Episode 97 – The Rules of Investing

Learn the rules for safe investing

Hi everyone, welcome to another wise money tools video. You know, I had a really interesting situation this past week that maybe many of you fall into a similar situation, it had to do without a traditional financial advisor set up accounts for this couple. And the fees that they were paying unnecessarily and maybe unknowingly, this couple own their own business. And to help prepare for retirement, they set up what’s called a SEP. This is a simplified employee pension. It’s essentially a 401k. For self employed business owners, like a 401k, you defer taxes until you take the money out of retirement. The SEP administrator, typically the business owner, can set up a brokerage account or some sort of investment account where they can put the money into the investments.

So this couple used what I call a traditional financial planner to set up the SEP. Too often, investors simply turn their money over to advisors in hopes that the advisor knows what he’s doing. And that the fees and costs won’t be too outrageous. What I’m trying to teach people is to be the captain of their own financial ship, and to take greater control and interest in their money. After all, this is supposed to be their nest egg, they’re creating their future. So this is really important money. Did you know The average American is going to earn about 2 million dollars in their lifetime, at age 65. So many of them end up with approximately $60,000 in assets, and that includes their house. Well, that’s not the American dream. What this means is the average person saves only about 3% of the $2 million, or $60,000.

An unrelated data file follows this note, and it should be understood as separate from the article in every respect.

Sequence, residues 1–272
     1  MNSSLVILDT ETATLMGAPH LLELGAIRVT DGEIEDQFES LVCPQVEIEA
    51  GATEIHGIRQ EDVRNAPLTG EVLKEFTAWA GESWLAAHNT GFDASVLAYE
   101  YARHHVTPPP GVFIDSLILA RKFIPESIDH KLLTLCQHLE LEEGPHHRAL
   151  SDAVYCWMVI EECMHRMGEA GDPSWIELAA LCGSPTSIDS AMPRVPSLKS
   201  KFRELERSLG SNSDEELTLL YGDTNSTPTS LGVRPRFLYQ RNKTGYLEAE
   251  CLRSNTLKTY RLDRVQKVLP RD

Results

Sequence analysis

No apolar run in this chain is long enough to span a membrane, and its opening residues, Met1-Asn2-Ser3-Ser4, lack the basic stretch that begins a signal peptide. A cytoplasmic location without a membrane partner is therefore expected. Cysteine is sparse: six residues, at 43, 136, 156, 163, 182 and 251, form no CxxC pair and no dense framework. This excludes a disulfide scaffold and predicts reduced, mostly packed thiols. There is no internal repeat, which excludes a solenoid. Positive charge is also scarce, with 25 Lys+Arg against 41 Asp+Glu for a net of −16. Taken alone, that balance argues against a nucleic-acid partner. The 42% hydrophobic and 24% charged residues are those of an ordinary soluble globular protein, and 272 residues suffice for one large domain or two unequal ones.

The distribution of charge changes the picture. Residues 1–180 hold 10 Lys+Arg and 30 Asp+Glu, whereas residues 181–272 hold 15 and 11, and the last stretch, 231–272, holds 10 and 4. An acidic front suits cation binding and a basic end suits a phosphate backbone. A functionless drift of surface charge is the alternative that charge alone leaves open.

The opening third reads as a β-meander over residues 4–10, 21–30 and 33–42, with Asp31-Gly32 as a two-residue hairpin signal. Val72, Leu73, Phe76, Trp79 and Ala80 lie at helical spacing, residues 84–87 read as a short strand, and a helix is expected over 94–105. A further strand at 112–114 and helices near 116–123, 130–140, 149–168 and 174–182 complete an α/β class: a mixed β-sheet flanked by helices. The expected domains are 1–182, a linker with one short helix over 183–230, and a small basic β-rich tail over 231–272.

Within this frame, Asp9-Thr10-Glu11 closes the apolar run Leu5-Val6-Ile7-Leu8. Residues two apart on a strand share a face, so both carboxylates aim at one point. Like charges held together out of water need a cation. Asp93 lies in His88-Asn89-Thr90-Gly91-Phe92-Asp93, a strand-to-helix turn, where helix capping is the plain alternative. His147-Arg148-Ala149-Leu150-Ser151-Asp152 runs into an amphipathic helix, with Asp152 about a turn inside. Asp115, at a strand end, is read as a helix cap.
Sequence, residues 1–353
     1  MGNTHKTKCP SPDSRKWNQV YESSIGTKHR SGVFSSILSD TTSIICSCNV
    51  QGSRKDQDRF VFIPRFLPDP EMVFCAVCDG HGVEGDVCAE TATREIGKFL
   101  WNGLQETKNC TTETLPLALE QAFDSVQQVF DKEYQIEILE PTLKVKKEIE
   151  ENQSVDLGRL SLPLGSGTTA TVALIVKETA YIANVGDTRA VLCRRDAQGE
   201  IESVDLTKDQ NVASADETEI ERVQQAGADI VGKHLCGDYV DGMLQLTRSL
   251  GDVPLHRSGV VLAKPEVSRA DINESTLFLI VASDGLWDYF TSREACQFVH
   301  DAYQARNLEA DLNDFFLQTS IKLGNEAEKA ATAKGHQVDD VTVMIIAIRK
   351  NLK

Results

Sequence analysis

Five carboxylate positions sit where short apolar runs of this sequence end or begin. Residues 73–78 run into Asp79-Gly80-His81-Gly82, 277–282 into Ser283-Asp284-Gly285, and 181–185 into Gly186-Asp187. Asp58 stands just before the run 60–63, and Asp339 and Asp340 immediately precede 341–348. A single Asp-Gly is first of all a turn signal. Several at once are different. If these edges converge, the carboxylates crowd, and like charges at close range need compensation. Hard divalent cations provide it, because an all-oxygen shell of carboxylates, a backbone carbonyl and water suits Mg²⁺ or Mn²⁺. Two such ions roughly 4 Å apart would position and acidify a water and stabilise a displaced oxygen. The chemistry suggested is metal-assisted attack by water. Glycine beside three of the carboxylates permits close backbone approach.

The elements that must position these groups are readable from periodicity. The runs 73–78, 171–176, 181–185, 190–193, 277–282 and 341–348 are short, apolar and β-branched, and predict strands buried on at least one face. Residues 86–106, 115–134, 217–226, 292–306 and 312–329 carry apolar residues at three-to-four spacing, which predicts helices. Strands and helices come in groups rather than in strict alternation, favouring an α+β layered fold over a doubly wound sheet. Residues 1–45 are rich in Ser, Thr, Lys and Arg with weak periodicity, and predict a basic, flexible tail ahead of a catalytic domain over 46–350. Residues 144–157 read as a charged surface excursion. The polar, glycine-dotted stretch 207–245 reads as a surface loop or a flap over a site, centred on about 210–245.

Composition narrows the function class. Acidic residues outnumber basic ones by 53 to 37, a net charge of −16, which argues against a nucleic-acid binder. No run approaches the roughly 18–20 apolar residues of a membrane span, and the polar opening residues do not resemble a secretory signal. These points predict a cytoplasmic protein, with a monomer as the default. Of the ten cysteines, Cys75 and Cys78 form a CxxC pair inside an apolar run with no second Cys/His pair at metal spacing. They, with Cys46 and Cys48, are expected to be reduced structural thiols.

A large majority of this to mains gonna go to interest and debt and taxes much more than they saved. And that’s really kind of a tragedy. We’re just yesterday, I was reading an article about the shortfall retirees are up against. It was a Bloomberg article. And it’s dated June 12. If you want to read it, the crux of the article stated that retirees are going to be short about 10 years of money. In other words, they’re going to run out of money about 10 years before they run out of life. And to quote the article it said, in the US the forum calculates that 65 year olds have enough savings to cover just about 9.7 years of their retirement income. That leaves the average American man a gap of 8.3 years, and women who live longer face 10.9 years in that gap.

Now this is assuming you only live to be around 85 or so there are lots of people who are pushing into their 90s these days. So to come up short by 10 years, is more than just a horrible thought. There are essentially four ways to offset this shortfall. You can save more, you can spend less and get a greater return. Or you can avoid massive losses that take years to recover. So here’s what this couple was doing. Again, they were saving a pretty good chunk of money. I mean, that part was in their favor for sure. However, their cost to invest and keep the money with the mutual fund company was significantly eating into their returns. I’m not going to name the funds they were invested in because I don’t need this company breathing down my neck.